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International financial negotiations and political actors: the perspective of the International Monetary Fund (IMF) on the disruption of IMF-Brazilian relations during the administration of Juscelino Kubitschek (1957-1959)

Grant number: 17/01312-7
Support type:Scholarships abroad - Research Internship - Master's degree
Effective date (Start): September 01, 2017
Effective date (End): February 28, 2018
Field of knowledge:Humanities - History - History of Brazil
Principal researcher:Felipe Pereira Loureiro
Grantee:Fernanda Conforto de Oliveira
Supervisor abroad: Giselle Datz
Home Institution: Instituto de Relações Internacionais (IRI). Universidade de São Paulo (USP). São Paulo , SP, Brazil
Research place: Virginia Polytechnic Institute and State University, Alexandria, United States  
Associated to the scholarship:16/10315-7 - International financial negotiations and political actors: the breakup of IMF-Brasil relations during the Government of Juscelino Kubitschek (1957-1959), BP.MS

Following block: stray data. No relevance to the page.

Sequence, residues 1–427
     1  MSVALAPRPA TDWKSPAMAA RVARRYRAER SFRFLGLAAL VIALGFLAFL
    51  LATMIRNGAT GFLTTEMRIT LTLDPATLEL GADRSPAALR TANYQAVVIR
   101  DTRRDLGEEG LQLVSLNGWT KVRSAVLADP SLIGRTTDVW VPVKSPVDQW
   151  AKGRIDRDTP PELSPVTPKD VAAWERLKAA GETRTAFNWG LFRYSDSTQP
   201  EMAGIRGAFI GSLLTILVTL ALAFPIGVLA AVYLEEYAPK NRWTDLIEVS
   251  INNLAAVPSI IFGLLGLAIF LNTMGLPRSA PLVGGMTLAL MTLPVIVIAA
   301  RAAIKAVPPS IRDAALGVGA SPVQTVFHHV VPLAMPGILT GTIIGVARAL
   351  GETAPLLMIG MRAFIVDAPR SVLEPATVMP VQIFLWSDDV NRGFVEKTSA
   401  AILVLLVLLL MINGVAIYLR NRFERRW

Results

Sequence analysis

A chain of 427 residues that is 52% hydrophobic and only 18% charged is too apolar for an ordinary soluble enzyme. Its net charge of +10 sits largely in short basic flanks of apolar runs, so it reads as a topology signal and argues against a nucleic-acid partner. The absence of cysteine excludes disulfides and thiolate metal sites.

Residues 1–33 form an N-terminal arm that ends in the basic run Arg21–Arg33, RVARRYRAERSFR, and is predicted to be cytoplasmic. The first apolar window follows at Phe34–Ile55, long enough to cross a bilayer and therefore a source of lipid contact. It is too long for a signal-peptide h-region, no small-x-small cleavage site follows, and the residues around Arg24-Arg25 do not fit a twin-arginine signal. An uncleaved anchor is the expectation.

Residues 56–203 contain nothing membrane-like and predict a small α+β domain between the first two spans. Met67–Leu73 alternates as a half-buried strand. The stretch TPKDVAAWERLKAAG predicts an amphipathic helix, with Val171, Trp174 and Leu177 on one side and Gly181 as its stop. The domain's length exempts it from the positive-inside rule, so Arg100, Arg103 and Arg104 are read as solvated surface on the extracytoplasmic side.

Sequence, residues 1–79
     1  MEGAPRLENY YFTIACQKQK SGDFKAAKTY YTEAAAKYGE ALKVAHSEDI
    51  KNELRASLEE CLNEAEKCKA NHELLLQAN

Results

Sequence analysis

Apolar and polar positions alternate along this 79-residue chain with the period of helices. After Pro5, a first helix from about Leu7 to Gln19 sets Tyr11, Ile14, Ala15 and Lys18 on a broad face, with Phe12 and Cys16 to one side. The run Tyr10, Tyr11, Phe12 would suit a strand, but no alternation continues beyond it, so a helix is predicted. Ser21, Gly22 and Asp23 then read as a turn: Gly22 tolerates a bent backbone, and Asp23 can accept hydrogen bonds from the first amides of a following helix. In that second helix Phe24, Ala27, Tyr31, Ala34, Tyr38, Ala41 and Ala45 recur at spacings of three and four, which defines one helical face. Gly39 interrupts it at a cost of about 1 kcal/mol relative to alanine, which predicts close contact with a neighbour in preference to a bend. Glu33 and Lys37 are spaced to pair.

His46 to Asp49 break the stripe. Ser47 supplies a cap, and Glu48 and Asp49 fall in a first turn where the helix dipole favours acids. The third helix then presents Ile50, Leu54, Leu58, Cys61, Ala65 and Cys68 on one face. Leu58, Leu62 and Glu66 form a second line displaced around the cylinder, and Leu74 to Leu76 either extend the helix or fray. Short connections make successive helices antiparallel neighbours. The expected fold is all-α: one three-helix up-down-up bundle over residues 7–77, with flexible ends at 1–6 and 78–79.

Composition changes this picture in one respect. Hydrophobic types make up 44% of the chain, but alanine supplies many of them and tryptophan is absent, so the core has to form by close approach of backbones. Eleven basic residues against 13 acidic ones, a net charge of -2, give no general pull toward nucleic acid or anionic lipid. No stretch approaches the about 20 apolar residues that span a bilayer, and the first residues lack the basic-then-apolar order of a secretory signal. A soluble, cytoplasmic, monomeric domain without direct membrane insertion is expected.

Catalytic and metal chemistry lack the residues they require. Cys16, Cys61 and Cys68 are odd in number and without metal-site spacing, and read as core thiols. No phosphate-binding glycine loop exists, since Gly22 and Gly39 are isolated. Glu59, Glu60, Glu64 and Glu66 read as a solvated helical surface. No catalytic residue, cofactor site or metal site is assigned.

A key moment in the history of IMF-Brazilian relations took place during the Juscelino Kubitschek government (1956-1961). The International Monetary Fund (IMF) played a crucial role for Kubitschek's Brazil as foreign investments were of utmost importance for the president's economic program: the so-called Target's Plan (Plano de Metas). In 1958, Brazil and the IMF signed a stand-by agreement, which provided funds to Brazil conditioned to the implementation of a stabilization program. Facing the dilemma of obtaining external resources for countering the imbalance of the country's balance of payments, or implementing policies that could compromise the goals of his administration, Kubitschek chose the latter option, breaking relations with the IMF in June 1959. Despite its great historical relevance, scholars have rarely looked into the causes of the breakup between Brazil and the IMF, and the few who did it produced studies based on fragile empirical basis. In order to comprehend this important issue, a deep analysis of the IMF-Brazilian relations in the late 1950s is fundamental. Moreover, given that Washington had (and, to a lesser degree, still has) a determining role in policymaking in the IMF, it is also important to analyze how the US-Brazilian economic relations evolved at the time, as well as to what extent Washington influenced the Fund's decisions regarding Kubitschek's Brazil. By looking into IMF and US official sources (both private and public), this project seeks to comprehend the reasons that encouraged the Kubitschek government to breakup negotiations with the Fund in 1959, mainly taking the IMF and the US perspectives into account. This may contribute to studies focused on analyzing broader (and contemporary) issues regarding international financial negotiations, such as economic multilateralism and relations between IMF, the US, and developing countries, especially in Latin America. (AU)

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